Along with the usual resolutions to lose weight, stop procrastinating, and get organized, helpline staff on the state’s 1-800GAMBLER program hear people with a different type of goal this time of year. People who call the helpline are desperately trying to stop gambling. Studies show that about 1 in 50 West Virginians may be dealing with a gambling problem. By the time someone calls the line, they are often deep in debt and have alienated their family.
Sheila Moran, Director of Communications for Problem Gamblers Help Network of West Virginia, says this year may pose more of a challenge for those trying to quit than usual. “Risk factors for problem gambling include experiencing depression and anxiety and feeling isolated. We know that during the pandemic many people are reporting increases in mental health issues. Certainly, people are more isolated now.”
Moran notes that another issue that may make it more difficult to stick to that resolution is the availability of online and mobile gambling. She said, “In the past, callers have told us they would change their driving route so they wouldn’t go past the place they gambled. Now, more people are gambling using their phone, so avoidance is more difficult.” She noted a significant increase in people who are calling about online day trading and mobile apps for sports betting and casino games.”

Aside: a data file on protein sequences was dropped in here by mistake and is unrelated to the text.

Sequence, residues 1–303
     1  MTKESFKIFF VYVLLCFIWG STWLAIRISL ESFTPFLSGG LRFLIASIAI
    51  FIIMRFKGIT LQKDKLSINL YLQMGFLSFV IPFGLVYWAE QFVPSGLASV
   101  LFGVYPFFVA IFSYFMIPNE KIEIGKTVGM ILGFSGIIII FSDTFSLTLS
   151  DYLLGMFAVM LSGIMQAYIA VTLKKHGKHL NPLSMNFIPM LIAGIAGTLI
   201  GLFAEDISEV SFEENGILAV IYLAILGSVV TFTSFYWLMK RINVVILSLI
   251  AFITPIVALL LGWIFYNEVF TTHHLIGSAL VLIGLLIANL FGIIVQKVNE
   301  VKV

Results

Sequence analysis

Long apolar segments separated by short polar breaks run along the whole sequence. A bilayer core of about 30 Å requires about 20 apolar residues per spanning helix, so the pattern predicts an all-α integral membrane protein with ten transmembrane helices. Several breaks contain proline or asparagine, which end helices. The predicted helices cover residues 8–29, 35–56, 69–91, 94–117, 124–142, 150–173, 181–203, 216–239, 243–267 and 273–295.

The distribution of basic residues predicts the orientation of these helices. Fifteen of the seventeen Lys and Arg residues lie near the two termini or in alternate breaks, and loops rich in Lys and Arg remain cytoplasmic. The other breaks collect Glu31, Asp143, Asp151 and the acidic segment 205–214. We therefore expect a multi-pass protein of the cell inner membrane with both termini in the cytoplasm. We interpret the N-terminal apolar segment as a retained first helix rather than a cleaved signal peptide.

Moran urges anyone who wants to stop or decrease their gambling to call 1-800-GAMBLER, where they can get immediate assistance. Callers to 1-800-GAMBLER speak with a helpline counselor based in Charleston, and they are referred to one of the network’s 60+ specially trained gambling addiction counselors. They receive a free two-hour consultation. Funds are available for those who do not have insurance to pay for additional treatment.
More information is available by calling 1-800-GAMBLER or visiting www.1800gambler.net.